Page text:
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Source: Auckland Council

The recent month-long consultation with Aucklanders on how to improve the region’s rivers, lakes and streams netted 3,500 submissions and has been hailed a success.

The chair of the group developing the council’s implementation of Auckland’s freshwater policy, Councillor Richard Hills, welcomes the wave of feedback received as a signal of how important freshwater is to all Aucklanders.

“It’s really encouraging to see the high levels of interest across our community, the agricultural sector and industry. The feedback numbers alone look pretty good and emphasise support for the key themes we asked about, which will help us to set the future direction for freshwater in Tāmaki Makaurau,” says Councillor Hills.  

The council’s consultation was held to check back in with the community and get their views of proposed measures to protect, use, and allocate freshwater.

“The results are still being analysed, but a high-level scan of the submissions indicates a strong community perspective on Te Mana o Te Wai – Putting the health of freshwater first, a general concern for water quality and a need for sustainable future planning.”

“There is plenty here for us to work with in the coming months as we further review our current approach against changes to government policies,” adds Cr Hills.

The project’s Planning Team Lead Kath Coombes leads the team with the task of analysing the community’s feedback and from here developing the freshwater plan that responds to the government’s National Policy Statement for Freshwater Management, which is to be amended by the Government.

“I’m seeing a real depth of feeling for the physical health of waterways, how we can protect waterways against contamination, prioritise freshwater for human uses, and also allow for climate change resilience,” says Ms Coombes.

“The task ahead of us now is to document and report back to the Political Working Group and local boards in February and March 2024, then confirm our approach towards a draft plan change to the Auckland Unitary Plan and a companion action plan,” says Ms Coombes.

Auckland Council’s consultation with the community on how to improve the region’s rivers, lakes and streams ran from 3 November under 4 December 2023.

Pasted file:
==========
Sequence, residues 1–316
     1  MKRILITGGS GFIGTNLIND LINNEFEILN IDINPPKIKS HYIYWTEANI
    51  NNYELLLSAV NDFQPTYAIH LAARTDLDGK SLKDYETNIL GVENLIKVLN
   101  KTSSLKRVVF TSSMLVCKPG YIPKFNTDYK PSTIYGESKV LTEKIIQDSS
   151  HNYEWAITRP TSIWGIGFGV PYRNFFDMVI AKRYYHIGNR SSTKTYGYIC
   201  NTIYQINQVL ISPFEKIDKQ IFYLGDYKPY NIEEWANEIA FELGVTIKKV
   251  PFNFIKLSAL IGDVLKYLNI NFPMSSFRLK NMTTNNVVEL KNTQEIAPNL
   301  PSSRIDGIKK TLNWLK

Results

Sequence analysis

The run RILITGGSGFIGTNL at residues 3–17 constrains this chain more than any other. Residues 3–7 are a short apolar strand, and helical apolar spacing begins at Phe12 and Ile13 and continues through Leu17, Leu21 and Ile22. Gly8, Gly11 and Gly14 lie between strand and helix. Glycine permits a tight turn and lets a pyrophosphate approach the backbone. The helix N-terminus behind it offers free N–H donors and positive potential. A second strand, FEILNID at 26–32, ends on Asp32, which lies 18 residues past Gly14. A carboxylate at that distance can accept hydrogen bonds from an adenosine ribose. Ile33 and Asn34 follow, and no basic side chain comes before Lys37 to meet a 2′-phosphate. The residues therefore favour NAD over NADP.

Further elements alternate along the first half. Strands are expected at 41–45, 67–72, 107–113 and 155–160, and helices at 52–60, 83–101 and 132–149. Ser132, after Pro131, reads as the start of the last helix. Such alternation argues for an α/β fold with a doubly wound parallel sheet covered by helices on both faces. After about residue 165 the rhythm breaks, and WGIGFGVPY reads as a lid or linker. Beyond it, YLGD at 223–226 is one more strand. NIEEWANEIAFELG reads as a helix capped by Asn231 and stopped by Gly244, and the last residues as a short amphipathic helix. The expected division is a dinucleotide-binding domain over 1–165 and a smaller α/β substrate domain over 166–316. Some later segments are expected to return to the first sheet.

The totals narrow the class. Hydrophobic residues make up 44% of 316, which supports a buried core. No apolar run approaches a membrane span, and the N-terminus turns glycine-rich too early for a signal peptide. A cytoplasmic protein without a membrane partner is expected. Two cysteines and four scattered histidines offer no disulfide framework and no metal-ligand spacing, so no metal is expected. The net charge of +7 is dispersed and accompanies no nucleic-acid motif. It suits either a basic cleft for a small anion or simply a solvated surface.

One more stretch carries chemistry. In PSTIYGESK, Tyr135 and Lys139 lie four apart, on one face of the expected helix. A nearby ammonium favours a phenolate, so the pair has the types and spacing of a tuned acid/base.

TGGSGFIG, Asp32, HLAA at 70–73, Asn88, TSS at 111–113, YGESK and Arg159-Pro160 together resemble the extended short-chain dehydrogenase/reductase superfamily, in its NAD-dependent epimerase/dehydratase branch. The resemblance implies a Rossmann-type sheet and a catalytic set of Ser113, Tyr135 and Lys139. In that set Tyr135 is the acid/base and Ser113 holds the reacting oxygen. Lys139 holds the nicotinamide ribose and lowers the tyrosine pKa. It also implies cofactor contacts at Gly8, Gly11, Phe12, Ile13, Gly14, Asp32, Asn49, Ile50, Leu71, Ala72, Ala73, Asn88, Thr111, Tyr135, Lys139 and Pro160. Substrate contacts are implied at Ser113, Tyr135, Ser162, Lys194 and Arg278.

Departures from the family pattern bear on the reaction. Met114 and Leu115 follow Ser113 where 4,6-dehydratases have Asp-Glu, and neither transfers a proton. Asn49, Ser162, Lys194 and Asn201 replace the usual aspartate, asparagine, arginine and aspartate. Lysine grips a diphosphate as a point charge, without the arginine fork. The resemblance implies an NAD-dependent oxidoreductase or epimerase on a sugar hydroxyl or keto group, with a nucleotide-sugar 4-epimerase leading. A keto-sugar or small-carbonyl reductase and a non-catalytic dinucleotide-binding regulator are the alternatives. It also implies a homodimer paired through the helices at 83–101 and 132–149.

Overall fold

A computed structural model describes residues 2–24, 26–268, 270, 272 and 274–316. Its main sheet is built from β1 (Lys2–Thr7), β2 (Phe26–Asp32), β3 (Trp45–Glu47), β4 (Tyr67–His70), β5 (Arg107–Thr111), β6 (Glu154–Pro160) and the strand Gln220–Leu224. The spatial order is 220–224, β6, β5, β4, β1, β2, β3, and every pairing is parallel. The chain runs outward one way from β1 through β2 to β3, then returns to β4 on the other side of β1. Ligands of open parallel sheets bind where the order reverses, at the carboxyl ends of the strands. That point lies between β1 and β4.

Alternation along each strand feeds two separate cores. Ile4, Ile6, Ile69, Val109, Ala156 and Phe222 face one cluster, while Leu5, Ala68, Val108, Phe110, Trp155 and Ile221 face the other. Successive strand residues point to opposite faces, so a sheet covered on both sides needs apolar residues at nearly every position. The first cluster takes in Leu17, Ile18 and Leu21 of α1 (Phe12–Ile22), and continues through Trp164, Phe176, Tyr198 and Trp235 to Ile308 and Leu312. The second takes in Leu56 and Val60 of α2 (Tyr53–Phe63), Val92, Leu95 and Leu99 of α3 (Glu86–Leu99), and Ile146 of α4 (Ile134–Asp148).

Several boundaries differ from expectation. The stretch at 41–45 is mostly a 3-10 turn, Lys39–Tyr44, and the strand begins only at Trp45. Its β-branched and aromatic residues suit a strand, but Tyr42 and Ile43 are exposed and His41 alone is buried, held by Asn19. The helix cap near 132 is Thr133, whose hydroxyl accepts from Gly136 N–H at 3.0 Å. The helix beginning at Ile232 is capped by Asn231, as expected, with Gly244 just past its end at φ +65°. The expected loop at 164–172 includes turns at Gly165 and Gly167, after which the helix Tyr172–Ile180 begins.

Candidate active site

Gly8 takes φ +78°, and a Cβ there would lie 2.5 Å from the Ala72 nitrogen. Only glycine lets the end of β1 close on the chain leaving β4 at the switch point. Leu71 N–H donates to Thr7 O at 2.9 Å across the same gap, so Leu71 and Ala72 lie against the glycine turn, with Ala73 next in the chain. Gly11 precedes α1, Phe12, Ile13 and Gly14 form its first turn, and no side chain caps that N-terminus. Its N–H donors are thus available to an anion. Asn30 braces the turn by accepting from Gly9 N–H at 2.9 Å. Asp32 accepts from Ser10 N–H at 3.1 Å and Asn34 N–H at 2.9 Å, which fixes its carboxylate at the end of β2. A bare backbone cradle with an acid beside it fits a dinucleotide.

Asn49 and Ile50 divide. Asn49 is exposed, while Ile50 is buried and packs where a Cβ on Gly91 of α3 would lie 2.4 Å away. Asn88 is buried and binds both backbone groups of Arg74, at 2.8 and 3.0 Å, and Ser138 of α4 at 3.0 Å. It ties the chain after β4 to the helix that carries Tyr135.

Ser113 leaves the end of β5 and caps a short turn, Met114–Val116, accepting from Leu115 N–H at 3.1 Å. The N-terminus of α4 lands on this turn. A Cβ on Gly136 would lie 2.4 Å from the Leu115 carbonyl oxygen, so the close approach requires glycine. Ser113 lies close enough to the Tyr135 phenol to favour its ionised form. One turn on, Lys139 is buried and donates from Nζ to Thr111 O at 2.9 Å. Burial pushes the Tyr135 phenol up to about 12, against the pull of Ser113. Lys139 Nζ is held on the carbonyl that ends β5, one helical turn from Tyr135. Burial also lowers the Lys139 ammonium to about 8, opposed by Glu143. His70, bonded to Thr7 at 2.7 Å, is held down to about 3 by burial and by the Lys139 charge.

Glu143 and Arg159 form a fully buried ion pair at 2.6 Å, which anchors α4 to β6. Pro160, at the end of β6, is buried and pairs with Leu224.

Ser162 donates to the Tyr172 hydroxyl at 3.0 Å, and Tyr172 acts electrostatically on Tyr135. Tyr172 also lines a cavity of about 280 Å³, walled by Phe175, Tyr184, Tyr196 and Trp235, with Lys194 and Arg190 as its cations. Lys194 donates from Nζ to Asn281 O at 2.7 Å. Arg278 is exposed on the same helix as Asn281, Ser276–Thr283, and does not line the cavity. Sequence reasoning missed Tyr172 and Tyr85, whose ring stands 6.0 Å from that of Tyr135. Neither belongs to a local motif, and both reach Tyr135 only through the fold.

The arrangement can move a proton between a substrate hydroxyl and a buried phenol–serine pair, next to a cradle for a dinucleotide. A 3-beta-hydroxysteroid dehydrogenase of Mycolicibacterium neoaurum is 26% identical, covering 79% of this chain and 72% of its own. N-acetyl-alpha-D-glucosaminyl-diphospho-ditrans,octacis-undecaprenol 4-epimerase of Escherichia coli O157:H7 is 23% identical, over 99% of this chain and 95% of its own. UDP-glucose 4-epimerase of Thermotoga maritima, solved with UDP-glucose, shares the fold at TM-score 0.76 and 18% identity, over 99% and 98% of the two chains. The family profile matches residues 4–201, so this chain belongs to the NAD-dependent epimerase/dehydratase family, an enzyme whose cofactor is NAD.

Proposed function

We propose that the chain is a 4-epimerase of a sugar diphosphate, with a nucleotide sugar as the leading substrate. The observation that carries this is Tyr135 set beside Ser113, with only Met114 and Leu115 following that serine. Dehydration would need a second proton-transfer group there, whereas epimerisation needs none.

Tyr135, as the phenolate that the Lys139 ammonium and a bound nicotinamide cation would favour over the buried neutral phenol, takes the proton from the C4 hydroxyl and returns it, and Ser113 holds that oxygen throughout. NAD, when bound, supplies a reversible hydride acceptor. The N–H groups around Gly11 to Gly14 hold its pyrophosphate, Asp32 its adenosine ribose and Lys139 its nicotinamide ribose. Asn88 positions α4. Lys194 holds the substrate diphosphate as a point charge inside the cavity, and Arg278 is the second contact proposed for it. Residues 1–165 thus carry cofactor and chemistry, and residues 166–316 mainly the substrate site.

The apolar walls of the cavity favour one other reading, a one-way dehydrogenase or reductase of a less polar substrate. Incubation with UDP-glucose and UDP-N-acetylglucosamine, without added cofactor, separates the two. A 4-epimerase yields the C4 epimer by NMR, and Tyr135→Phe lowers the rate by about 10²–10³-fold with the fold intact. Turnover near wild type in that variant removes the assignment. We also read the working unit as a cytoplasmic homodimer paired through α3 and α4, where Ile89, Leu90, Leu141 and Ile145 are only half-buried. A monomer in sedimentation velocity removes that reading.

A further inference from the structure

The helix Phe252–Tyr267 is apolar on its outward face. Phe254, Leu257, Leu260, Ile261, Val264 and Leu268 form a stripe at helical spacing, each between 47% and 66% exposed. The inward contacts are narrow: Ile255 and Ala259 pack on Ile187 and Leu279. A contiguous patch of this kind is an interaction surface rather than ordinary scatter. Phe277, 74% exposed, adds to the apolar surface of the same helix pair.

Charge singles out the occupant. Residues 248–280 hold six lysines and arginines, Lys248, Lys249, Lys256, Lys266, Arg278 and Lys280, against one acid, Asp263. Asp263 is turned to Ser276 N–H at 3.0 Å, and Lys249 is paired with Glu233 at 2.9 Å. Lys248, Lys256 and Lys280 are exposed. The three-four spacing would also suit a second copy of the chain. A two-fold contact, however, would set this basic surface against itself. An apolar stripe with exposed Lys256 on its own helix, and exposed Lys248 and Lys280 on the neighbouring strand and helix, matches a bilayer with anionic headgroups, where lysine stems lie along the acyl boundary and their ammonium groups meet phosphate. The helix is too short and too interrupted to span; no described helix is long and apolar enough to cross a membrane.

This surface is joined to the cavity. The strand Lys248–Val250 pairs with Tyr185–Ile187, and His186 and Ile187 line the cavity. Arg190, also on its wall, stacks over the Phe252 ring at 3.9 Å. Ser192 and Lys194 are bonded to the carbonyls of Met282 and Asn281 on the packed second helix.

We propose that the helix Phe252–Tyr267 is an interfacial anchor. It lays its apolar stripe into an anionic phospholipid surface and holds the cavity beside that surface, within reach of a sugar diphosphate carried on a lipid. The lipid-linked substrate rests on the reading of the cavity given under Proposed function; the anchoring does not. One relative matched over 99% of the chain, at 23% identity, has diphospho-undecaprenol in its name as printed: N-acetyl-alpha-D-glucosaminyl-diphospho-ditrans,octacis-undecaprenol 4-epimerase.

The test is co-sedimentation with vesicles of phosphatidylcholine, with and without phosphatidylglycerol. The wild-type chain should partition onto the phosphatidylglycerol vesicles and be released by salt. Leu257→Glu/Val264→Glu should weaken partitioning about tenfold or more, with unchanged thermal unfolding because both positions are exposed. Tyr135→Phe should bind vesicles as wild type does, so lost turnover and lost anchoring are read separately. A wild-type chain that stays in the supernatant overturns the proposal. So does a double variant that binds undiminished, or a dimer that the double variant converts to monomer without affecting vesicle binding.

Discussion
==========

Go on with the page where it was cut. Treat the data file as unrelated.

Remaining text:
The community was asked for feedback on a wide range of topics including the long-term vision for freshwater, values and outcomes, how to deal with the ‘outstanding’ waterbodies that need special management, how to protect and improve habitats, and how to manage the increasing demand for water.

This work is driven by the current National Policy Statement for Freshwater Management (NPS-FM) which will affect how Aucklanders manage their land and water use.

The NPS-FM applies to rivers, streams, lakes, wetlands, aquifers (groundwater) and springs. It is a government policy that requires councils to put the health of freshwater first, then consider the needs of people and other demands for water use.

The council must currently notify changes to the Auckland Unitary Plan by 31 December 2024 and must also prepare action plans to support stakeholders and community groups to improve the region’s freshwater resources as soon as practical. The new government’s changes would extend the deadline by three years to 31 December 2027 and amend how Te Mana o te Wai provisions apply.

Early in 2024, the council will work through the government’s initiative to review and replace the National Policy Statement for Freshwater Management 2020, the implications on roll-out timing and advise the impact on its own planning and implementation approaches.

There is more information here on Auckland Council’s current plan to implement the National Policy Statement for Freshwater Management in Tāmaki Makaurau.